I saw this thing yesterday on the news where this flight attendant does a “rap boarding” announcement on the plane, and everyone seems to think this is soooooo cool. Just what I need, shell out $400 for a plane ticket and have to sit through some Jethro singing rap emergency rules to me on the pre-flight. Here is another thing, they always say “we will now begin the boarding process.” Not necessary. Boarding is sufficient. “We will now begin the boarding.”
Simple. Tells the story.
People are always adding extra words when they want things to sound more important than they really are. Like the people who write Creative Endeavors, that would be a good example of it right there. “Boarding process” sounds important, but it isn’t. It is just a bunch of knot-heads getting on an airplane.
How about an article on Dick Cheney?
Bet I scared you ha-ha.
No Cheney today, new playlist in the machine, have the earphones on, and we will see … we will see. Read an article on this Pulitzer Winning Author in Florida, who every day, would put on the noise canceling earphones and then go into his Florida Room and write. Must be nice, to look out the window, see nothing but a windswept panorama of sea and sky, no noise, no distractions.
Must be nice.
In my case I have the headphones and insulation, that always helps, as it blocks out a lot of the noise. Then there is this tiny minute microphone deep inside the earphones that actually hears the noise that is un-blockable and conveys its frequency and amplitude to the electronics. They in turn generate a “reverse sound wave” (180 degrees out of phase with the noise) and feed it into the headphone speakers. This subtracts from the noisy sound wave which is actually a phenomenon called destructive interference. Which is not to be confused with constructive interference which would be a matching sound wave, which would make it in fact, louder.
So much to today’s science lesson huh?
Great writers have to be motivated I suspect. Florida it seems, any time of the year, would be a great motivator. I on the other hand, trapped amongst the trash of man have barking dogs, fire trucks, dirt bikes on the weekends and the ever present police helicopter (Ghetto Bird) overhead most of the time. Ambiance has a lot to do with it I would assume.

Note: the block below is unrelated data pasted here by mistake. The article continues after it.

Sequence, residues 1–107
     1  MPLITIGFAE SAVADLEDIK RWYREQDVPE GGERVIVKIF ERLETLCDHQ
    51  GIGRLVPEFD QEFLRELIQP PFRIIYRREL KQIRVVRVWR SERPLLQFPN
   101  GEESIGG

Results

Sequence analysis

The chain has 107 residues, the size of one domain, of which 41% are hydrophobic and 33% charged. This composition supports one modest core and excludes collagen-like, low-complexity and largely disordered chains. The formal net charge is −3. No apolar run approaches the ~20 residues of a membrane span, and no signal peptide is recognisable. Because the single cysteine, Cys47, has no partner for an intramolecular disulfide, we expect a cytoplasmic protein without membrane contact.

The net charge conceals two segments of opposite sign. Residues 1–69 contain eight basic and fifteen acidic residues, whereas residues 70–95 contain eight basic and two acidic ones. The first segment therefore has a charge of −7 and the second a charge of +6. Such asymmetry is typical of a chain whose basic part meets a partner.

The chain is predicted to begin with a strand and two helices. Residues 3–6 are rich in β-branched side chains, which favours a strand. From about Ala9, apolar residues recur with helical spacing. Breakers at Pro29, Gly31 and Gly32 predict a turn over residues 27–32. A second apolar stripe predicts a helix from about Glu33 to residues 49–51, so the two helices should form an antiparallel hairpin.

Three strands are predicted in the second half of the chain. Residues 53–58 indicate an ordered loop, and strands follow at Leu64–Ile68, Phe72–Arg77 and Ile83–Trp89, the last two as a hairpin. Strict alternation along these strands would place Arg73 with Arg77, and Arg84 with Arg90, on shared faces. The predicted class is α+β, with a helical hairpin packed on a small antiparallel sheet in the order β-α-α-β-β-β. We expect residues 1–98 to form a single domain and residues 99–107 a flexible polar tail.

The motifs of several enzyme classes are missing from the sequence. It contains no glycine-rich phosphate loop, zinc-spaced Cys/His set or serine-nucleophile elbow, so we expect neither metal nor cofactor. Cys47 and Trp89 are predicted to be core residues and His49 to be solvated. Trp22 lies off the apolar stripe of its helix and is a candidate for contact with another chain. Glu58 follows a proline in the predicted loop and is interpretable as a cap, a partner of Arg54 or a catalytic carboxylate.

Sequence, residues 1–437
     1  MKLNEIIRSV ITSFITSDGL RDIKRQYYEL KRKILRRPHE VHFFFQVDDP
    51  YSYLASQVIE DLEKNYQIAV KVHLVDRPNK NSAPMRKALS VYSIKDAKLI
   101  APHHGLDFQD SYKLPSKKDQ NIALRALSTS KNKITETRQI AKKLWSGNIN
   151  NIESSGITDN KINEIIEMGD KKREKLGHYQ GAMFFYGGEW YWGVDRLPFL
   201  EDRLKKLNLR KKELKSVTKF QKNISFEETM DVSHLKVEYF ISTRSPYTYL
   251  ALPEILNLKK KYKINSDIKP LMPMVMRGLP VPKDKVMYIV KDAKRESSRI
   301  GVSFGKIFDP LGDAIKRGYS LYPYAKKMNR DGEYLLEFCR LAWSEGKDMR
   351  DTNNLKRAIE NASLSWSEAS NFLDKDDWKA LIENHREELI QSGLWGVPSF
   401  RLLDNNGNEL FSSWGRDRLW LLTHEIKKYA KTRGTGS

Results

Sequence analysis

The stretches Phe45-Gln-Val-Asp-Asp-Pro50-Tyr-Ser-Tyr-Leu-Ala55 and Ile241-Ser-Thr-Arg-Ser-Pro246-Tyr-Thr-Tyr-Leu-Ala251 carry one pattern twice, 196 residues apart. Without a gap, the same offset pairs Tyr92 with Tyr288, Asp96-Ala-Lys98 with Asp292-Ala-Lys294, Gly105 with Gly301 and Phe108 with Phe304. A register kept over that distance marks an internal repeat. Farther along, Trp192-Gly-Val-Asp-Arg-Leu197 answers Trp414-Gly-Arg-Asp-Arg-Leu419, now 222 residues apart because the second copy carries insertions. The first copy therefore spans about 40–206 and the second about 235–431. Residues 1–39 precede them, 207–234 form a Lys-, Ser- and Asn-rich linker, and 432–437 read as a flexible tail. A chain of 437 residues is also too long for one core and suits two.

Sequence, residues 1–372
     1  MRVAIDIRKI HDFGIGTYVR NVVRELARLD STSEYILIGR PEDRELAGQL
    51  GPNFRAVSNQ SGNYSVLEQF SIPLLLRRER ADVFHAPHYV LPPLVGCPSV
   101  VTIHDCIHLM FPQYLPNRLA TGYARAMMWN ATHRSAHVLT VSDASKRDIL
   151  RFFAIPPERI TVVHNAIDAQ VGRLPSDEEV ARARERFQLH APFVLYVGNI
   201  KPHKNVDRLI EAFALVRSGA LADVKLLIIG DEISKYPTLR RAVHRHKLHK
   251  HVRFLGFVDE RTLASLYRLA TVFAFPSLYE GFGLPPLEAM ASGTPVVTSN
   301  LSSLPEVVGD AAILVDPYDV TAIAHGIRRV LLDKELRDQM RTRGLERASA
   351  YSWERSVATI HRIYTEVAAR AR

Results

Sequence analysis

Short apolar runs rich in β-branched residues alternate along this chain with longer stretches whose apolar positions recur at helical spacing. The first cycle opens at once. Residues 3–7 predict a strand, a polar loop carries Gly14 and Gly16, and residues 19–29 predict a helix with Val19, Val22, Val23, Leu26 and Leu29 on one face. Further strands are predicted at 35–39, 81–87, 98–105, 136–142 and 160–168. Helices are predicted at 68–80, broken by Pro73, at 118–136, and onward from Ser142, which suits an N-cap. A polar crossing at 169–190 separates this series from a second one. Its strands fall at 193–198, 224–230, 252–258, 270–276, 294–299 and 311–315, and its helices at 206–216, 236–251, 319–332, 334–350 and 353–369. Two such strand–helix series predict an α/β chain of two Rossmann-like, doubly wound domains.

The serenity of the moment adds to the mix.
So we write, those of us with no real lives. And we convey the idea and thoughts of the day, to the page, and print the page, and share the nugget of truth, as we see it with you. We show you that life is rarely exactly as we would like it to be, but instead, life is exactly as it is. We write when we are happy and when we are sad, we write when we are motivated and not so engaged. We write when we are depressed and when we are twitterpated with utter glee.
Which would be complete and immediate infatuation with someone or something that occurs during the week or the onset of spring (whichever comes first) or another viewing of Pure Country or Walt Disney’s Bambi as you may be inclined or disposed to do on the weekend.
And we stroke you in our ingenuous way, as my friend on the left-coast of America (Kalli-forn-yuh) puts it, give you “the set up.” We use the set-up to amuse and confuse, and we shape it in a way where if done correctly, you never see it coming.
For instance: The financial crisis explained in simple terms…
Trisha is the proprietor of a bar in Goteebo, Oklahoma. In order to increase sales, she decides to allow her loyal customers – most of whom are unemployed alcoholics – to drink now but pay later. She keeps track of the drinks consumed on a ledger (thereby granting the customers loans).
Word gets around and as a result increasing numbers of customers flood into Trisha’s bar. Taking advantage of her customers’ freedom from immediate payment constraints, Trisha increases her prices for wine and beer, the most-consumed beverages. Her sales volume increases massively.
A young and dynamic customer service consultant at the local bank recognizes these customer debts as valuable future assets and increases Trisha’s borrowing limit. He sees no reason for undue concern since he has the debts of the alcoholics as collateral.
At the bank’s corporate headquarters, expert bankers transform these customer assets into DRINKBONDS, ALKBONDS and PUKEBONDS. These securities are then traded on markets worldwide. No one really understands what these abbreviations mean and how the securities are guaranteed. Nevertheless, as their prices continuously climb, the securities become top-selling items.
One day, although the prices are still climbing, a risk manager (subsequently of course fired due his negativity) of the bank decides that slowly the time has come to demand payment of the debts incurred by the drinkers at Trisha’s bar.
However they cannot pay back the debts. Trisha cannot fulfill her loan obligations and claims bankruptcy. DRINKBOND and ALKBOND drop in price by 95%. PUKEBOND performs better, stabilizing in price after dropping by 80%.
The suppliers of Trisha’s bar, having granted her generous payment due dates and having invested in the securities are faced with a new situation. Her wine supplier claims bankruptcy, her beer supplier is taken over by a competitor.
The bank is saved by the Government following dramatic round-the-clock consultations by leaders from the governing political parties. The funds required for this purpose are obtained by a tax levied on the non-drinkers.
Look! Dick Cheney!
Boo! Bet I scared you ha-ha.
Have A Great Weekend (We will now begin the boarding process).